Indian tribes, if they desire, now have the opportunity to administer Federal programs for themselves. We can then work together as partners. On your part, this requires initiative and responsibility as you define your tribal goals and determine how you want to use the Federal resources. On the Federal Government's part, self-determination for Indian tribes requires that Federal programs must be flexible enough to deal with the different needs and desires of individual tribes.
In the past, our flexibility has been limited by the lack of effective coordination among departments and agencies offering a wide variety of programs and services to the Indian people. Programs serving both reservation and nonreservation Indians are spread across half a dozen different Cabinet departments involving agencies ranging from the Economic Development Administration to the Federal Aviation Administration.
As many of you know, this is Ted Marrs' last day on the White House staff. Ted's service as White House Liaison for Indian Affairs has been invaluable to me as President and to the Cabinet officers and, I am confident, to the Indian community. With his departure, I will announce shortly the name of a person who will assume Ted Marrs' duties in the Office of Public Liaison in the area of Indian affairs. This appointee will be an individual with responsibility to work with the Cabinet officers, with the Office of Management and Budget, with the Domestic Council, and with my legal office to encourage the improved coordination of the various Federal agencies and programs that currently serve the Indian population.
As an additional step in this direction, I am also sending a memorandum to the heads of all Cabinet departments with Indian responsibilities, directing them to give priority attention to the coordination of Indian programs. These two actions will help to ensure that $1½ billion spent annually on Indian programs and services will be spent efficiently, with cooperation, and without duplication.
An important task we can help you with is the challenge of economic development of your lands. I congratulate you on the initiative that you have shown. I pledge encouragement. I pledge help in your efforts to create long-term economic development.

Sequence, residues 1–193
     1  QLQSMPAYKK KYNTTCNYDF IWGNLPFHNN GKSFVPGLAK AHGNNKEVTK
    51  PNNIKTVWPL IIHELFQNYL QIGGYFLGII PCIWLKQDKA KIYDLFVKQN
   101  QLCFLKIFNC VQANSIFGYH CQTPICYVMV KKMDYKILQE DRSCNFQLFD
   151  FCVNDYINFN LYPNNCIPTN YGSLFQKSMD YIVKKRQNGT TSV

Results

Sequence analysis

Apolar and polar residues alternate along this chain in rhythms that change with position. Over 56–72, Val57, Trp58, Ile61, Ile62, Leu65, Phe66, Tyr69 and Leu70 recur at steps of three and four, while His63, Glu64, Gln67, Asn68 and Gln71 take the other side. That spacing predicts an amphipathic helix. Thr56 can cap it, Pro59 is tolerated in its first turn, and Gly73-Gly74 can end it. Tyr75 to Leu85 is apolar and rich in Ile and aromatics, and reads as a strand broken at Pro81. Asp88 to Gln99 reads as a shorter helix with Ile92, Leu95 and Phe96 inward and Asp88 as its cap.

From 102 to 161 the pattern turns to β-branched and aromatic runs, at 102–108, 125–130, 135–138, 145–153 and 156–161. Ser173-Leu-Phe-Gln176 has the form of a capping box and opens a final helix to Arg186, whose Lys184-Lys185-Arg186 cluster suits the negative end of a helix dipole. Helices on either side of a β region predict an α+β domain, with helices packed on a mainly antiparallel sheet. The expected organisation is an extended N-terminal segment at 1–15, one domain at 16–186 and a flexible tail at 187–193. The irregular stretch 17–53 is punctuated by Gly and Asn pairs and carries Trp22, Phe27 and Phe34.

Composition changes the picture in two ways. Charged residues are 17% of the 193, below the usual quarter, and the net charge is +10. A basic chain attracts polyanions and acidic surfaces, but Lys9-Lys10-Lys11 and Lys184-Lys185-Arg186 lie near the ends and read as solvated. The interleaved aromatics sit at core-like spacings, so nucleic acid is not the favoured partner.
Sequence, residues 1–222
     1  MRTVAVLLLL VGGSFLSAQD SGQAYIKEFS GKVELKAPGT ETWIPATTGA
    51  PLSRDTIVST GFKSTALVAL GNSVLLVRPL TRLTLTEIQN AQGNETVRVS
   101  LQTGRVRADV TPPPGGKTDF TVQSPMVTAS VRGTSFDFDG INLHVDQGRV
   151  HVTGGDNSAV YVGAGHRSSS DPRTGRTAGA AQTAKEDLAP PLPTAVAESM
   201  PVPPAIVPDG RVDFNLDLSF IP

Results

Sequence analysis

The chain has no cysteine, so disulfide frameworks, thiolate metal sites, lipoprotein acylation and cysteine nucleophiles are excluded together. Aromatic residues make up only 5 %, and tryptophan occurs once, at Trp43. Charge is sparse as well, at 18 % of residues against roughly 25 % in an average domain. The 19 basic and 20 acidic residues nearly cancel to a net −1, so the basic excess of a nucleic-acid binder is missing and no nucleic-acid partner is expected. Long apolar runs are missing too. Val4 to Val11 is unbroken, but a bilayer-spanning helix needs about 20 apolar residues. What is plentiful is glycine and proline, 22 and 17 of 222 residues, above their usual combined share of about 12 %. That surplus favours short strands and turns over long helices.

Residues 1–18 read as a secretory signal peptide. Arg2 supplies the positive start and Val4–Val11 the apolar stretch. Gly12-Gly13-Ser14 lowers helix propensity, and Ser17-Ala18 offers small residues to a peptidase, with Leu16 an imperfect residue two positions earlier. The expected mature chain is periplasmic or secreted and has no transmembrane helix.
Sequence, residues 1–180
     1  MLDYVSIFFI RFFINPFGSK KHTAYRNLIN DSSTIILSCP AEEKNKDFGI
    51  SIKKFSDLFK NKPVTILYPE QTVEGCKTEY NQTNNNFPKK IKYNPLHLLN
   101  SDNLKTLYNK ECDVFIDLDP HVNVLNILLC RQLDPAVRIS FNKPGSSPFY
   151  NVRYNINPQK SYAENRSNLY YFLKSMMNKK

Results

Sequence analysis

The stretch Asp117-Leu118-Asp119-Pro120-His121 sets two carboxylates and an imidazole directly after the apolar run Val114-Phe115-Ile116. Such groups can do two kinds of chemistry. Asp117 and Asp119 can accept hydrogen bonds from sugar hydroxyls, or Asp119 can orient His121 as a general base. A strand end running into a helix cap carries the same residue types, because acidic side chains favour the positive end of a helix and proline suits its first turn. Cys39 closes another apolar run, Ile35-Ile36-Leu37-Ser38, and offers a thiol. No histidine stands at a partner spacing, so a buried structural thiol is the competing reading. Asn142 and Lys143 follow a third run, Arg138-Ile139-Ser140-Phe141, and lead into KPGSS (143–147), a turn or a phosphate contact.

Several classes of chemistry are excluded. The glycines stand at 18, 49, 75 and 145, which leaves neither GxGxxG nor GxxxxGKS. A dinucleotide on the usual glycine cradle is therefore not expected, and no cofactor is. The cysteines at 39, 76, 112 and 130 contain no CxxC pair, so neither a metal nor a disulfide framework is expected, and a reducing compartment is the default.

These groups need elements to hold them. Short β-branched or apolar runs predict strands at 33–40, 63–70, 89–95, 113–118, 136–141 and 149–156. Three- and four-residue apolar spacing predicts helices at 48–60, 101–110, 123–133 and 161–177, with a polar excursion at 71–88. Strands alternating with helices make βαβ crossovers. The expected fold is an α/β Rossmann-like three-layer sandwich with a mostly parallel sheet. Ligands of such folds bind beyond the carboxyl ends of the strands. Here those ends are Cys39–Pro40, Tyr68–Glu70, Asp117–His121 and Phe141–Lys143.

Many Indian reservations contain valuable natural resources. There must be the proper treatment of these resources with respect for nature, which is a traditional Indian value. My Attorney General has established an Indian resources section whose sole responsibility is litigation on behalf of Indian tribes to protect your natural resources and your jurisdictional rights.
Indian leaders and the Indian people have gained an increasing skill in managing these resources so they benefit your tribes and our Nation as a whole. I wholeheartedly and unequivocally pledge our cooperation in working with you to improve the quality of Indian life by providing soundly managed programs and a stable policy.
We can make the 'rest of the 1970's decisive years in the lives of the Indian people. Together, we can write a new chapter in the history of this land that we all serve and this land that we all share.
I thank you very much.
Note: The President spoke at 3:15 p.m. in the East Room at the White House. In his opening remarks, he referred to Secretary of the Interior Thomas S. Kleppe.
Gerald R. Ford, Remarks at a Meeting With American Indian Leaders Online by Gerhard Peters and John T. Woolley, The American Presidency Project https://www.presidency.ucsb.edu/node/257998